Category: Castlewellan

Referency Library – Northern Ireland – County Down – Castlewellan

Bridge in Banbridge, County Down is hit for fourth time

Lorry collides with bridgeImage copyright
Transport Consulting Company

Image caption

The lorry hit a 19th Century stone bridge, known as The Cut, which runs through the town centre

A low bridge in Banbridge, County Down, has been hit by a vehicle for the fourth time in less than a year.

It happened as the lorry drove under a 19th Century stone bridge in the town centre, known as The Cut, at about 21:25 BST on Tuesday.

The lorry appears to have some damage to its roof. The road under The Cut – Bridge Street – was closed for a short time, but no injuries were reported.

The last incident happened in May.

Image copyright
© Albert Bridge/CC Geograph

Image caption

The Cut is a 19th Century bridge in the middle of Banbridge town centre

In November a prison service van[1] hit the bridge and lost its roof.

The following day a second lorry became stuck under the bridge[2].

At the time, officers used the image as a warning to drivers of other high-sided vehicles, advising them to know the height and dimensions of their lorries before passing under bridges.

References

  1. ^ prison service van (www.bbc.co.uk)
  2. ^ a second lorry became stuck under the bridge (www.bbc.co.uk)

Retrial ordered over Dungannon A4 tractor death

There is to be a retrial in the case of a Caledon farmer accused of causing the death of his father who was killed in a collision between a tractor towing a trailer and an HGV lorry. 
Phelim Brady died on June 25, 2014 following a collision on the A4 Dual Carriageway, Dungannon.
He had been travelling on the draw bar attaching a tractor to a trailer loaded with cattle. 
His son Paul Alexander Brady (46) of Minterburn Road, Caledon was driving the tractor and it was later established he was disqualified and had no insurance.
A lorry crashed into the tractor and trailer and Mr Brady Snr died instantly.
Paul Brady was charged with dangerous driving causing death.
He admitted driving while disqualified and not being insured. 
Co-accused, William Mark Murphy (53) of Prospect Road, Castlewellan was driving the lorry.
He denied a charge of causing death by dangerous driving.
The jury found him ‘guilty’ of death by careless driving, an offence he had accepted from the outset. 
The jury was hung in relation to the charge of death by dangerous driving by the deceased’s son. 
This morning (Monday) the case returned to Dungannon Crown Court with a decision to order a retrial. 
The two men sat side-by-side in the dock throughout the trial which lasted just over a week, before His Honour Judge Neil Rafferty QC.
The tragic circumstances unfolded as Paul Brady pulled out at a junction onto the dual carriageway, and the lorry ploughed into the rear.
After a combined total of seven hours deliberation, the jury returned a unanimous verdict in relation to
Murphy only, finding him guilty of causing death by careless driving, which he had already admitted.
However they were hung in respect of all charges against Paul Brady.
Murphy will return to court for sentencing on August 3.
He is also subject to an interim driving disqualification.  
Prosecuting counsel advised he had been instructed to seek a retrial.
The defence responded by stating, “Significant issues have arisen in the course of the trial and we intend to instruct an expert accordingly.”
The judge ordered the matters of driving whilst disqualified and without insurance be put to Paul Brady, to which he pleaded guilty on both counts.
The prosecution said, “The pleas are accepted but they do not in themselves resolve the matter and a trial is still required.”
Judge Fowler adjourned the case for a retrial date to be identified, which is likely to be October or November.
Brady was remanded on continuing bail.
Posted: 12:41 pm July 3, 2017

‘Looks like we need a bigger sign’

BridgeImage copyright
PSNI

Image caption

Police posted a photo of the lorry saying “The Cut 3, Lorries 0”

A low bridge in Banbridge, County Down, has been hit by a vehicle for the third time in less than a year.

It happened as the lorry drove under a 19th Century stone bridge known as The Cut.

PSNI Banbridge posted a photo of the damage[1] on Tuesday, with the caption: “Looks like we are going to need a bigger sign. The Cut 3, Lorries 0′.

“Usually people exaggerate their height, not think they are smaller.”

The lorry in question appears to have some damage to its roof.

Image copyright
© Albert Bridge/CC Geograph

Image caption

The Cut is a 19th Century bridge in the middle of Banbridge town centre

In November a prison service van[2] hit the bridge and lost its roof. The following day a second lorry became stuck under the bridge[3].

At the time officers used the image as a warning to drivers of other high-sided vehicles, advising them to know the height and dimensions of their lorries before passing under bridges.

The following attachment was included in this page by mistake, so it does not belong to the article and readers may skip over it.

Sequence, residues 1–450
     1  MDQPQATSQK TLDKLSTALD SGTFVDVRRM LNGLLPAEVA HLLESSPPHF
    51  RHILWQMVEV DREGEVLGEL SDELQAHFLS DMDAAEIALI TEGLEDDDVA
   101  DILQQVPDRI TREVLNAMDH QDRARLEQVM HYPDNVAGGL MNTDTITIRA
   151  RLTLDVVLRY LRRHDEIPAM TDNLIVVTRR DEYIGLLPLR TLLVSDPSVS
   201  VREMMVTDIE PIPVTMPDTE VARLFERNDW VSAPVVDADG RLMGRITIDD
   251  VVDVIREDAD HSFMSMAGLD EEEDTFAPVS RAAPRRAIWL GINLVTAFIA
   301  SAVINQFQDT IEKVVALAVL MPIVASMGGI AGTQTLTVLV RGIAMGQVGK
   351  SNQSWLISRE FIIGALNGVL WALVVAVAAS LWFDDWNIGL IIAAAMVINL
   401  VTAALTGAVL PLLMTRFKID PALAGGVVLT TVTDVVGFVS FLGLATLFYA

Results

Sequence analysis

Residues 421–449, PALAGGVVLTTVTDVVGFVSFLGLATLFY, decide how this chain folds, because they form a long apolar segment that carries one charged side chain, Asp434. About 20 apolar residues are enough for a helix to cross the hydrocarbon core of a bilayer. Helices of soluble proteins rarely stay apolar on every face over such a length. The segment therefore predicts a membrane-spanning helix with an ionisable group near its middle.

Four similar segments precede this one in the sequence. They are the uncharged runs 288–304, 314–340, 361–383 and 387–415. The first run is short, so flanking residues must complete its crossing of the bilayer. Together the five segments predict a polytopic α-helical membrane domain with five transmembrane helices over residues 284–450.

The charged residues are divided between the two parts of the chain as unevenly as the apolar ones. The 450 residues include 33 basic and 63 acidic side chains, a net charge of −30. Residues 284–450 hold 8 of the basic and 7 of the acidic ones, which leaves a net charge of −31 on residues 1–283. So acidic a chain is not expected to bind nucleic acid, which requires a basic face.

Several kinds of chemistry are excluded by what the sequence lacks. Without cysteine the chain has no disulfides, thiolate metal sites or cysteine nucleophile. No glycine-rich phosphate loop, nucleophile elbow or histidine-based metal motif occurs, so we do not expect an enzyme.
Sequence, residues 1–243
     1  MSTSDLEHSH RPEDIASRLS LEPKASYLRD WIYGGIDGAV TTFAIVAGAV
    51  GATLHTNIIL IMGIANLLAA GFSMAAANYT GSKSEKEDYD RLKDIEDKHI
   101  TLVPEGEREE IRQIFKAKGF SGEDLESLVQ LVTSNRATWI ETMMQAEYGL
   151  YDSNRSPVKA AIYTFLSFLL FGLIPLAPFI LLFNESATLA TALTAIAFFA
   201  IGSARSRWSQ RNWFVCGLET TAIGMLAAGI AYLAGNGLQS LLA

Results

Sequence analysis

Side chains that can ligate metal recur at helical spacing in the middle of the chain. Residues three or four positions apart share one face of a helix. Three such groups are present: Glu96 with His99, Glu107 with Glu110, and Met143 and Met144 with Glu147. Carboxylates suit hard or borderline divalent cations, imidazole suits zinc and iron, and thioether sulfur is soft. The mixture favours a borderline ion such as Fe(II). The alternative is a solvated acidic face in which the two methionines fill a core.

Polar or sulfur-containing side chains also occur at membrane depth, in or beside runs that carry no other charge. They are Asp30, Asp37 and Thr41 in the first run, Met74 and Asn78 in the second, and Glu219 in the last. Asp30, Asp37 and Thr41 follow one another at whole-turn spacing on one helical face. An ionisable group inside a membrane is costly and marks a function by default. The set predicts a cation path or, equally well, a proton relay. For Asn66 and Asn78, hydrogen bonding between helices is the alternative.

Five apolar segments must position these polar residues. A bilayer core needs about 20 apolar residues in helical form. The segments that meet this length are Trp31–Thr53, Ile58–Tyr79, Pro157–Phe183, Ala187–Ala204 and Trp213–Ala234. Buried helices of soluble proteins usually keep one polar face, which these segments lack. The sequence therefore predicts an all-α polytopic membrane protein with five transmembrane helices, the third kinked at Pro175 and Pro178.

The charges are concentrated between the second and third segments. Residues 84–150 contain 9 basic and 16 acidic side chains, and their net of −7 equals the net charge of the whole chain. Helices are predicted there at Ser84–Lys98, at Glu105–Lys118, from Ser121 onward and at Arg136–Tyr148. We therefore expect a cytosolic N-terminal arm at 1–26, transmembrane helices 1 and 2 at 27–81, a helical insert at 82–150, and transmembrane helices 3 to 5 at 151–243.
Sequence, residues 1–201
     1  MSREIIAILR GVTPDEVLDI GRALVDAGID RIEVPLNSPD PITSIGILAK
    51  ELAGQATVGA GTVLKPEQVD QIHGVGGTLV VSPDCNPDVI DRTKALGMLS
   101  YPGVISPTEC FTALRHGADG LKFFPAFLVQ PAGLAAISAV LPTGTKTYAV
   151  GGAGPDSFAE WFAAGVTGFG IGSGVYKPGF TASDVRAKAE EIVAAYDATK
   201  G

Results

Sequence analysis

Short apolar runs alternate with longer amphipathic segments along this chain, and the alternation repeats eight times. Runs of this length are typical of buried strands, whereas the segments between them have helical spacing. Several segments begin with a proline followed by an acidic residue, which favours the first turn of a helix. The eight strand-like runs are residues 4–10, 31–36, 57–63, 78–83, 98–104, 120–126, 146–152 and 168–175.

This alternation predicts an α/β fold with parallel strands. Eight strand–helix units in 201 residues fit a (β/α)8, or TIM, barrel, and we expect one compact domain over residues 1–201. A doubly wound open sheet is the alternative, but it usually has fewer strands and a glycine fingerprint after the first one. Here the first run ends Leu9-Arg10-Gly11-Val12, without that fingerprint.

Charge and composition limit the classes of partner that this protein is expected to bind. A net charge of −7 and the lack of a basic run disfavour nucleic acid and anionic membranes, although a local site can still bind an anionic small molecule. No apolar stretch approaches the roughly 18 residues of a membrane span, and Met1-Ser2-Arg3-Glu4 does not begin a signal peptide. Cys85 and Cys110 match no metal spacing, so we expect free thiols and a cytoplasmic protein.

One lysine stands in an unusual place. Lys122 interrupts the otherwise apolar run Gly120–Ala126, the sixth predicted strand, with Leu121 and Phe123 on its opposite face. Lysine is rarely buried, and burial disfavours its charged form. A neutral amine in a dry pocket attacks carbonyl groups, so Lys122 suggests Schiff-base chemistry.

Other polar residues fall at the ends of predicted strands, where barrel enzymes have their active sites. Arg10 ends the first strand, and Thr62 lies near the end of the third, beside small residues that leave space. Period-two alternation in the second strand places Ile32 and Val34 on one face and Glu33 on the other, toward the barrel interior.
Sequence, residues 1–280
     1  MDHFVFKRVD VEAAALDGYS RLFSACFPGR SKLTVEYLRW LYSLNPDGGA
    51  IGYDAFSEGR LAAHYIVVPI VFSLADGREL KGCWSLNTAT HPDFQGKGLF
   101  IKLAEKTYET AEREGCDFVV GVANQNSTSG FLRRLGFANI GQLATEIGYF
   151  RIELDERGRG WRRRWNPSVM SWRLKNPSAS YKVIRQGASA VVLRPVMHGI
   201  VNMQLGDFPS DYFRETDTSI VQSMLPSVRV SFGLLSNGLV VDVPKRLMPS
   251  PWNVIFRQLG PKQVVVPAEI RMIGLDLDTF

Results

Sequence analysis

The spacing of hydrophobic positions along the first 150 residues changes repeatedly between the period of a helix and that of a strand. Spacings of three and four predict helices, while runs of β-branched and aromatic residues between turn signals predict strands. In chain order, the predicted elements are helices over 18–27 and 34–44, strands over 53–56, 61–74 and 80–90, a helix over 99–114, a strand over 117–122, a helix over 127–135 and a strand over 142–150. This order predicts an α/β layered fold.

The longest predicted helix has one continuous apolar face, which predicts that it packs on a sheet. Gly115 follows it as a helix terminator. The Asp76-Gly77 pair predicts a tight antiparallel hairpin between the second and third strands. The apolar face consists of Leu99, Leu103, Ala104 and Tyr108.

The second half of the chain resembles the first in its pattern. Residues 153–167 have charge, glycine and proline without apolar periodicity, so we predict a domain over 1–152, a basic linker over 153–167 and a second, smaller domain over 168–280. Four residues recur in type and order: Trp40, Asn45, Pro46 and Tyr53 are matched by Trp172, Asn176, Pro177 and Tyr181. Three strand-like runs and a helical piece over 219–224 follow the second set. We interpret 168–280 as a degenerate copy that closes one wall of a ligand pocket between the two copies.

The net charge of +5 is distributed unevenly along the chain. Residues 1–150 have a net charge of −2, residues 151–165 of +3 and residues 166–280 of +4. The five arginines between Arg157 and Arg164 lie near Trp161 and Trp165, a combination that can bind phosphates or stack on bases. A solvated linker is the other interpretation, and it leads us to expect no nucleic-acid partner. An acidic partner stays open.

References

  1. ^ posted a photo of the damage (www.facebook.com)
  2. ^ prison service van (www.bbc.co.uk)
  3. ^ a second lorry became stuck under the bridge (www.bbc.co.uk)

Two lorries and car in Dumfries by-pass crash

A 45-year old man was taken to hospital following a crash involving his car and two lorries, on the A75 Dumfries by-pass this morning.
The incident happened between the A709 and A701 roundabout at around 7.20am.
The vehicles involved were a white Volvo…

Have no fear with George Fearon

Have no fear with George Fearon 15 September 2016 Operating a spectacular fleet of eye-catching blue Volvos, George Fearon & Sons has been providing customers with excellent haulage and transportation solutions for four-and-a-half decades. Customers of George Fearon & Sons can rest assured that they will receive prompt, cost-effective and thoroughly-professional road haulage solutions. We dropped into the company s well-appointed Rostrevor, County Down base for a brief chat with the eponymous founder / proprietor about his exceptional, long-serving, family-run operation. Operating a spectacular fleet of eye-catching blue Volvos, George Fearon & Sons has been providing customers with excellent haulage and transportation solutions for four-and-a-half decades. This County Down headquartered operation boasts the trucks, trailers, personnel, experience and passion to deliver unrivalled local and / or national haulage services, with the capacity to accommodate any load, large or small. The fresh and immaculately-maintained trucks are complemented by flat trailers and tautliners, while tail lifts on the rigids ensure that every delivery is completed with the minimum of fuss. First impressions are never far off the mark. A quick glance at one of George Fearon s pristine lorries would tell you all you need to know about the dedication to professionalism and customer care that permeates every pore of the business. Simply said, this is an outstanding company with an unrivalled track record and a bright future. Reflecting on the inception of the operation, founder George Fearon notes: I set the business up in 1971. I started off with one truck, a Leyland Boxer, and I used to do a lot of work for a cloth factory in the early days. The business grew gradually over the years and today I have seven trucks, all Volvo five rigids and two artics. I ve been sticking with Volvo for a long time now. Why the preference for Volvo? Many truckers go for a mixed fleet, but George has very much nailed his colours to the Volvo mast They are a very reliable truck and they never give me any trouble. As well as that, it s very convenient for me as the main Volvo dealer [Dennison Commercials Ltd.] is beside me here in Newry. So I get the best of both worlds a very good wagon with a first-class service. You couldn t ask for better. Indeed, it sounds like George Fearon & Sons partnership with Volvo is set to continue into the foreseeable future! Operating exclusively within the island of Ireland, George Fearon & Sons has been synonymous with biscuit transportation for many years. At present, they also do work for Jenkins Shipping; and Robert Roberts. The heartbeat of the business is provided by the seven-strong fleet of Volvo HGVs, which are maintained in top condition at all times to ensure that customers receive the best possible service around the clock. Regular investment keeps the trucks and trailers performing at their optimal level. With a fresh and well-tuned fleet on the road, downtime is virtually non-existent. Regarding the most recent addition to the fleet, George notes: I bought a new FH two years ago. It was a demo model from Dennisons Ballyclare garage and we re more than happy with it. In total, George Fearon & Sons generates gainful employment for a team of seven, including four members of the Fearon family George and his sons Leo, Nigel and Colin, all of whom are drivers. As a family business first and foremost, customers are guaranteed a personal touch as well as the high levels of professionalism upon which the Rostrevor-based business has built its reputation. The success of George Fearon & Sons has been based on providing customers with a very high level of service. There s no rocket science here; it s all about getting the product from A to B safely and on time, every time. We like to think we give a good service, says George modestly. Service is Number One and that s what we concentrate on. We are 100% focussed on looking after our customers. The business is going well and I m happy enough with where we are at now. Haulage has been good to me and I can t have any complaints. With a modern, well-equipped workshop in Rostrevor, George Fearon & Sons is a self-sufficient company that has every reason to be optimistic about the future. Mind you, with 44 years experience of running his own business and having witnessed the fickle nature of the economy on more than one occasion, George is wise enough not to take anything for granted. The business has kept ticking away, thankfully, he concludes. All you can do is provide a good service and that s what we will continue to do. You never know what s around the corner, but it has worked out well so far for us and I m hoping that will continue. George Fearon is a modest and quiet-spoken individual. He prefers to focus on running his business than talking about it which is just fine because the success of George Fearon & Sons over the past 44 years (and counting ) speaks for itself! George Fearon & Sons, 35 Newtown Road, Rostrevor, Newry, County Down, BT34 3BZ. Tel: 048 4173 8676 Mobile: +44 07771846411 Fax: 048 4173 8676 Email: [email protected] [1] [2] Taken from I rish Trucker & Light Commercials magazine, Vol 18 N o 10, December 2015/January 2016 [3] References ^ +44 07771846411 (www.irishtrucker.com) ^ [email protected] (www.irishtrucker.com) ^ rish Trucker & Light Commercials magazine, Vol 18 No 10, December 2015/January 2016 (www.brtanspares.ie)